Multitasking's Fall From Grace

by Lisa Miller & Tatiana Guerreiro Ramos

There’s been a lot of talk (and research) of late about the validity of multitasking. Many people - teenagers and adults alike - believe themselves to be skilled multitaskers. Be honest--are you someone who thinks they can do several things simultaneously with speed and accuracy? Do you tell yourself you’re actually more productive when your mind is engaged in multiple ways?

If you stop reading this post for a moment (yes, you would need to actually stop reading this) and do a quick Google search of “multitasking,” you will be regaled with such titles as: The Myth of Multitasking (How Doing it All Gets Nothing Done); How Multitasking Affects Productivity and Brain Health (spoiler alert: it’s not a happy outcome); and 12 Surprising Reasons Multitasking Doesn’t Work. You get the picture. This once-prized “skill” used to feature proudly in cover letters and on resumes.

So why has multitasking fallen from grace?

We now know (#neuroscience) that there is actually no such thing as multitasking, cognitively speaking. Our brains are actually switching from one task to another very quickly, in micro increments of time. Neuroscientists call it “divided attention” and it loosely means paying attention to more than one thing at a time with varying intensity. Here’s what the internet says about divided attention.

We live in a world replete with distractions, pings, buzzing, poking, nudging, and more, so it’s no wonder we regularly divide our attention. We skillfully model for our children what it looks like to talk on the phone while preparing dinner; read an article while responding to email; and, in errant moments, drive while texting. In turn, our children watch YouTube, text, play video games, and update social media, all while doing homework. Oh mighty, multitasking tree, meet your attentionally-divided apples. Ugh!

And we have the audacity to be annoyed.

Don’t click away! There’s hope!

Not surprisingly, all cognitive tasks are NOT equal. In other words, they require different levels of  mental effort and focus. For example, you probably have no problem singing along to a song while driving; having a conversation while walking; or listening to music while grocery shopping. That’s because some of these tasks are rote and you don’t need to attend to them with the same level of concentration and focus you might need when learning a new skill. Have you ever been driving somewhere familiar and arrived at your destination without remembering the details of how you got there? It can be a little jarring, yes, but this happens when your cognitive function is on auto-pilot. You’ve done it so many times, you don’t need maximum concentration to perform the task.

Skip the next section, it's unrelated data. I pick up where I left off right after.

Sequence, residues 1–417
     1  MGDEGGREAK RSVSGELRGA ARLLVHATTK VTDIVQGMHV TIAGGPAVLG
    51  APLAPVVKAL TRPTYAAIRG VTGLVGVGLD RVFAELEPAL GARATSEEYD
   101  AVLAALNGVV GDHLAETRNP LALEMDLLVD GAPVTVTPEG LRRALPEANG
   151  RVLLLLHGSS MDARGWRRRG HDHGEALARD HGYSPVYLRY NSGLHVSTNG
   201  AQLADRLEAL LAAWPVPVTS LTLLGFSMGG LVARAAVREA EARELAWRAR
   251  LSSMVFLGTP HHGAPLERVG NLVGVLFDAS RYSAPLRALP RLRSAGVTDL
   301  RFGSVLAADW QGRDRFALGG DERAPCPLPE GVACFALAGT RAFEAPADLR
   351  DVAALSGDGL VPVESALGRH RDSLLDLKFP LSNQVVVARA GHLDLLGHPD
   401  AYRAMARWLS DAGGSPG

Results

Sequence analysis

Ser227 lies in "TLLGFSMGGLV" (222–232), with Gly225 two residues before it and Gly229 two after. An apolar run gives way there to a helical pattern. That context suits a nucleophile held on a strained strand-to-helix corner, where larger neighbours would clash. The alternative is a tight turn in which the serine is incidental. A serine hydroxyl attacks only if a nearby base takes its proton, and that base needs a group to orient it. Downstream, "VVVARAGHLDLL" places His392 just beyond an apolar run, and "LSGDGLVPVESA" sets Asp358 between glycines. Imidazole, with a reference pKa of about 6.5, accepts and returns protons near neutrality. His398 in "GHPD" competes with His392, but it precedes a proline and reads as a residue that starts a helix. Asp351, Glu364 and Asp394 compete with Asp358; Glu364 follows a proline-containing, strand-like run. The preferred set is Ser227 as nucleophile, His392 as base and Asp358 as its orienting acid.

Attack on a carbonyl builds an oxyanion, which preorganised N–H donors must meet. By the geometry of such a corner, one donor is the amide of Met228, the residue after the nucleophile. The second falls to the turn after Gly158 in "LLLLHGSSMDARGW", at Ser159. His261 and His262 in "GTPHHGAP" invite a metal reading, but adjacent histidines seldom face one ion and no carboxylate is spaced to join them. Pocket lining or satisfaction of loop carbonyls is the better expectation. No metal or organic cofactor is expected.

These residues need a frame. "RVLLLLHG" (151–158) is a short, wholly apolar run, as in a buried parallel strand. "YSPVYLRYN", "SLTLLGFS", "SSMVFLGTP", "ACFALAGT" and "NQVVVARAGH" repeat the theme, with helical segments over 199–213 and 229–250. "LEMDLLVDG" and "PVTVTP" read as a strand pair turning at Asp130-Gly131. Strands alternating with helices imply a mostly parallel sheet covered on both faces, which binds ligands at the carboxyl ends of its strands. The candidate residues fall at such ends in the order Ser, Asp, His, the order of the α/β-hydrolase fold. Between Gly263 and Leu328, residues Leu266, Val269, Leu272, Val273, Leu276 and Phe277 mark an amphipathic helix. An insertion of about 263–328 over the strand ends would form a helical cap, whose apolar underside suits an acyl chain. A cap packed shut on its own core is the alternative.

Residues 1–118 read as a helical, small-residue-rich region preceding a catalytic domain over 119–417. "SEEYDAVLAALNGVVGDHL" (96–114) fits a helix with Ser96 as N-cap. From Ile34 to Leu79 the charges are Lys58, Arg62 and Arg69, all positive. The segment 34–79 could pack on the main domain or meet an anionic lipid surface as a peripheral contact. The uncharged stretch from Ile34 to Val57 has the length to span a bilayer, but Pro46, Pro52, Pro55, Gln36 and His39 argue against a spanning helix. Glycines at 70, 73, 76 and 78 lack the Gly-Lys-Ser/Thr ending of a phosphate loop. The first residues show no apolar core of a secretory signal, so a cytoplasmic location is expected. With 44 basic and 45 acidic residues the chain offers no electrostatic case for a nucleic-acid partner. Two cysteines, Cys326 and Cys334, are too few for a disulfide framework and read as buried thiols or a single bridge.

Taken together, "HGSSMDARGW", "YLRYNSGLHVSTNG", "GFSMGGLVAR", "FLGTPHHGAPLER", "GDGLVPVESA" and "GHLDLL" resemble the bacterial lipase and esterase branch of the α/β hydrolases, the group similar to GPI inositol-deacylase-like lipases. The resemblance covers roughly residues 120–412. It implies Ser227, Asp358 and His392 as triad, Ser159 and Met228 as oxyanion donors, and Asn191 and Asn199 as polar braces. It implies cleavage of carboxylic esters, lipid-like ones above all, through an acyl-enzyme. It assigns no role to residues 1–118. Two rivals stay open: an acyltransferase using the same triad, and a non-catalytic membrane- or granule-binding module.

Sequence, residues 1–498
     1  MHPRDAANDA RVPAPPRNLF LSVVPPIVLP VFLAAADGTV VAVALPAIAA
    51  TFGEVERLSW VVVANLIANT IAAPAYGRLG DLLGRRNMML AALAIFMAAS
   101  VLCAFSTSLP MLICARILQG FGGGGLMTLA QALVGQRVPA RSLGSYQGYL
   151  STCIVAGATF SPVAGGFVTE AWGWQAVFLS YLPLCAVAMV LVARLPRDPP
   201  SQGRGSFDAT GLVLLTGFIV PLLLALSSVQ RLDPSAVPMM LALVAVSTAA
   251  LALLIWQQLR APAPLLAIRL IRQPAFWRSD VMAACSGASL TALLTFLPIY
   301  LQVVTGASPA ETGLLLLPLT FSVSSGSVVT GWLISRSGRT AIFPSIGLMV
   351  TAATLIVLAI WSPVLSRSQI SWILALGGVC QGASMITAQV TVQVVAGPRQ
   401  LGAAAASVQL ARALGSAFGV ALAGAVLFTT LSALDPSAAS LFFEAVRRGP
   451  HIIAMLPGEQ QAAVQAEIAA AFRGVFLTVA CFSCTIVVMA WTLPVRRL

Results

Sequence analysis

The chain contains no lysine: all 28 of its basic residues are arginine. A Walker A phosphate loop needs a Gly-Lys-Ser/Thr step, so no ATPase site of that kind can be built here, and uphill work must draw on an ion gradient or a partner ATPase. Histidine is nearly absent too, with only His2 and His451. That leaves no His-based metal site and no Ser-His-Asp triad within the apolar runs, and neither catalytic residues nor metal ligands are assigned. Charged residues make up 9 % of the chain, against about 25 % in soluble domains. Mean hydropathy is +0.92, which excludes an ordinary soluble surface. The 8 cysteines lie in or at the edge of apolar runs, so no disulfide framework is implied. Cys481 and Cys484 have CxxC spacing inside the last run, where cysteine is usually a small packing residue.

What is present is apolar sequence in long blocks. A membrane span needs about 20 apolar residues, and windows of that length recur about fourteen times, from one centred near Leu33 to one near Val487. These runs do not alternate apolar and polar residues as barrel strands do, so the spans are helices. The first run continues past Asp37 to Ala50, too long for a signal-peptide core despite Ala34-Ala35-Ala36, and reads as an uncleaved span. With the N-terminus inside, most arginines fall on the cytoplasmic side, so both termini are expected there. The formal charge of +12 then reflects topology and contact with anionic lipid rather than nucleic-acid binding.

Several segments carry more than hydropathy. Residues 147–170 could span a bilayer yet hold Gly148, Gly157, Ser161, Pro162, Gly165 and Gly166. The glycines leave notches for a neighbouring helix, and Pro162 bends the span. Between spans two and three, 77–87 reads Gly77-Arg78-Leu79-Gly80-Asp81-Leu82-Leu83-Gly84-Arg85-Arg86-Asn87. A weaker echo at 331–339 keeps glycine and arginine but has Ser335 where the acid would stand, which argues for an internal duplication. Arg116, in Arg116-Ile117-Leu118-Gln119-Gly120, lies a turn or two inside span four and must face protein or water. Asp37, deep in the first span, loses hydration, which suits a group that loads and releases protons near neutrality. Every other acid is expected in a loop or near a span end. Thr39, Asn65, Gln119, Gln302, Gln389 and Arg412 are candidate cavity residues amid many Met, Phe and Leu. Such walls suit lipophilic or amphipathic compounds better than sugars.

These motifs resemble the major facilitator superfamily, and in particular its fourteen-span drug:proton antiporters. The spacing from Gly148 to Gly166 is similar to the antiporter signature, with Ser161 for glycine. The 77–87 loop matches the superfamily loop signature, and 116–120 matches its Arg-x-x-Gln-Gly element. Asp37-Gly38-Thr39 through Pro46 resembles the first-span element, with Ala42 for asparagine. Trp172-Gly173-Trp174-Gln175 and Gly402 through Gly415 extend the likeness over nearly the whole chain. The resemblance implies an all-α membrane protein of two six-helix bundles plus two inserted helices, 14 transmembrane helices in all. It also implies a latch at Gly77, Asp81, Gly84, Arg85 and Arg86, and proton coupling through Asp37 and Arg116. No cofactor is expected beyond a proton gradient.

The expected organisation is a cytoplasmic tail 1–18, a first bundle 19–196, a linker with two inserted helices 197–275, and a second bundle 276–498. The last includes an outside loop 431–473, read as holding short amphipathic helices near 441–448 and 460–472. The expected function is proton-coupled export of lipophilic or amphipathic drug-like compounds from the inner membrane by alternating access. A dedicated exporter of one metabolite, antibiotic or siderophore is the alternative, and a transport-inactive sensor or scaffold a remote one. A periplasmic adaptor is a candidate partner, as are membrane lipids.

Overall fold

However, when you’re trying to wrangle polynomials, memorize which verbs are conjugated with etre and which with avoir, or develop a thesis statement illustrating the elusiveness of the American Dream in The Great Gatsby, you will likely need to focus and dig deep into your reserves of mental energy and effort.

Once you understand that different tasks require varying levels of cognitive effort, you can help your children recognize this simple truth. And then you can start to group tasks into categories based on cognitive effort. For example: coloring your anatomy diagrams (low cognitive effort) while listening to music is a go! Recalling the definitions of your anatomy terms sans notes in preparation for your test (high cognitive effort) while texting--not so much. In other words, what’s going on in the background is not insignificant.

Because they’ll be irked and won’t believe you, show them instead of  telling them. Play this fun game developed by Dave Crenshaw to illustrate the impact of divided attention. They (and you) will discover that when you divide your attention, even on the simple task of copying, you are slower, less accurate, and more frustrated.  

Show them this video from The Atlantic on the freshly-coined term “single-tasking” and join the #tablessthursday revolution. If you’re lucky, your kids will think it’s cool. More likely, they’ll still be annoyed .

That said, with science and popular culture on your side, you will hopefully feel more comfortable establishing some ground rules for homework time. Helping your students establish a productive work environment and develop single-tasking habits will set them up for success in school and in life.

A final thought: Give the gift of undivided attention to yourself and your children. Put down your devices, make eye contact, and engage. The results are nothing less than magical.